Public DNS Namespace
The domain at the top of a DNS namespace is the root domain. For public DNS domains, the root domain is also called the top-level domain, or TLD.
The organization responsible for registering names in the public Internet namespace is the Internet Corporation for Assigned Names and Numbers, or ICANN. Its web site is www.icann.org.
ICANN has contracted with Network Solutions, doing business as Verisign Global Registry Services, to manage the name servers for the largest of the top-level domains: com, net, and org. The Verisign web site is www.verisign-grs.com.
In early 2001, Verisign migrated the name servers for its three TLDs to 64-bit servers located at key nodes in the Internet, both in the continental U.S. and overseas. As of this writing, there are 12 Verisign TLD servers, named a.gtld-servers.net through m.gtld-servers.net.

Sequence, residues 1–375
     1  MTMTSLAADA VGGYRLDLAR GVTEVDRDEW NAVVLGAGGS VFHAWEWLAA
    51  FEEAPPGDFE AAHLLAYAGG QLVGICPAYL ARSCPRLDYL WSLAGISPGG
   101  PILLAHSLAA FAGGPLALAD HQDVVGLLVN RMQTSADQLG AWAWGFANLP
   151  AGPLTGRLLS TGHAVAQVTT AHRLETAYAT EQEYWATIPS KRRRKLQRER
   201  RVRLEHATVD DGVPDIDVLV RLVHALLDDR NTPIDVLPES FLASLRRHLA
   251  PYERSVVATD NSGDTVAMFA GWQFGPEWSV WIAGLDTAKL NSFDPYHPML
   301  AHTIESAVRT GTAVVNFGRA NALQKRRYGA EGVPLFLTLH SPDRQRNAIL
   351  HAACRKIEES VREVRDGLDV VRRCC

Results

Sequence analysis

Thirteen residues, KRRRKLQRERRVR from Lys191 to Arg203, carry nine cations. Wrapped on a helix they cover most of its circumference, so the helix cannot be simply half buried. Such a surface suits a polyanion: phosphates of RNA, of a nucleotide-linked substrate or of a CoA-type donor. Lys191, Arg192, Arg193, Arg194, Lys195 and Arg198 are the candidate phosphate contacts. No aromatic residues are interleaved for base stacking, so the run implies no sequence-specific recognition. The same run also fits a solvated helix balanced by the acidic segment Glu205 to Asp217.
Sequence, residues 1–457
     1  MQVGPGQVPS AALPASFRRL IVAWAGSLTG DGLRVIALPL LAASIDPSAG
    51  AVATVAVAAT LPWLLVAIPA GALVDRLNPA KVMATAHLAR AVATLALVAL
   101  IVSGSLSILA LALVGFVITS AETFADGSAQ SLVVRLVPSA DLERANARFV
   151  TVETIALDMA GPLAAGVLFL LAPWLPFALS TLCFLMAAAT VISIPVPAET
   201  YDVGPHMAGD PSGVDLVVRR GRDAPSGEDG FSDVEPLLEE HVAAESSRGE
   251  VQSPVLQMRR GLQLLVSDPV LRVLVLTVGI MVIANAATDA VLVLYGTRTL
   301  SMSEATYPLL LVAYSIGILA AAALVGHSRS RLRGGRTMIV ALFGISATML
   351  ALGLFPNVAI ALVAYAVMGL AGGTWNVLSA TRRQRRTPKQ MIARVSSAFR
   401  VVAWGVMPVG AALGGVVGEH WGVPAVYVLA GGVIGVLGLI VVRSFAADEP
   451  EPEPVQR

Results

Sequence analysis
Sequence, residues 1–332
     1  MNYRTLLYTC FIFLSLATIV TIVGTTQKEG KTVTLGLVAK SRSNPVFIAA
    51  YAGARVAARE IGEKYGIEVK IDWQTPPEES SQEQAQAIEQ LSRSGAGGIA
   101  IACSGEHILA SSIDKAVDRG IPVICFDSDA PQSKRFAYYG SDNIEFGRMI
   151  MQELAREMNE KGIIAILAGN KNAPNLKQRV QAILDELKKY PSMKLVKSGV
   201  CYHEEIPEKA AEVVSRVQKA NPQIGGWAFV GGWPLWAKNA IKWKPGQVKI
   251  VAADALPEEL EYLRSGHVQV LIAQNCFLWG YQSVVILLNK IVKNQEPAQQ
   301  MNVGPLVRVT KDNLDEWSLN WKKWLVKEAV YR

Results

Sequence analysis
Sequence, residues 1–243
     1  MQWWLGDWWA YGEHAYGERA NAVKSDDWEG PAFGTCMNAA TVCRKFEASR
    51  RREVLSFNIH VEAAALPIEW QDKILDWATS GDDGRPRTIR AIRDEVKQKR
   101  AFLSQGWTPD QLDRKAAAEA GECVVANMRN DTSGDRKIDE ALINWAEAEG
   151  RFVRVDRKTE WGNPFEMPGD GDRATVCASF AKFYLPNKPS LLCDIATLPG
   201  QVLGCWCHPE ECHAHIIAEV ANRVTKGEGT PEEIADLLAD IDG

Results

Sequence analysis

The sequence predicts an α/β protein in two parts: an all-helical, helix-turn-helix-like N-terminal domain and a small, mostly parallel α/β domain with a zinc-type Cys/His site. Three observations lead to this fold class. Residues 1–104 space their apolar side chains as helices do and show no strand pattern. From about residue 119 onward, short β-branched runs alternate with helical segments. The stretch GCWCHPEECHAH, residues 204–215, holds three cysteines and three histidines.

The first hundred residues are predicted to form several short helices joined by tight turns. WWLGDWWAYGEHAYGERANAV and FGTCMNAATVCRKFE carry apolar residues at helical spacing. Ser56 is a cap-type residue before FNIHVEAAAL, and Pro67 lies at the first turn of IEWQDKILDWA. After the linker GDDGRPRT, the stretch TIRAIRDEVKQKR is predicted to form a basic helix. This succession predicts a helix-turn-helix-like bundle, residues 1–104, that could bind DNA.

The remaining standard TLDsЧmil, gov, and eduЧare hosted on servers managed by Network Solutions but the zones are controlled by other ICANN designees. The TLD servers for these zones are a.root-servers.net through m.root-servers.net plus a few additional servers for the .mil namespace. The a.root-servers.net server gives referrals to the new Verisign TLD servers.
ICANN has approved seven new TLDs to help differentiate the crowded com and org namespace. Table 5.1 lists the TLD names and the agencies or companies that sponsor them:
ICANN is also responsible for country code TLDs, abbreviated ccTLDs. For example, a web site in Norway would have an FQDN ending in NO, such as www.sol.no. The two-letter country designations follow the ISO 3166 standards. For information about the registrar for a particular ccTLD, see www.iana.org/cctld/cctld-whois.htm.
Private DNS Namespace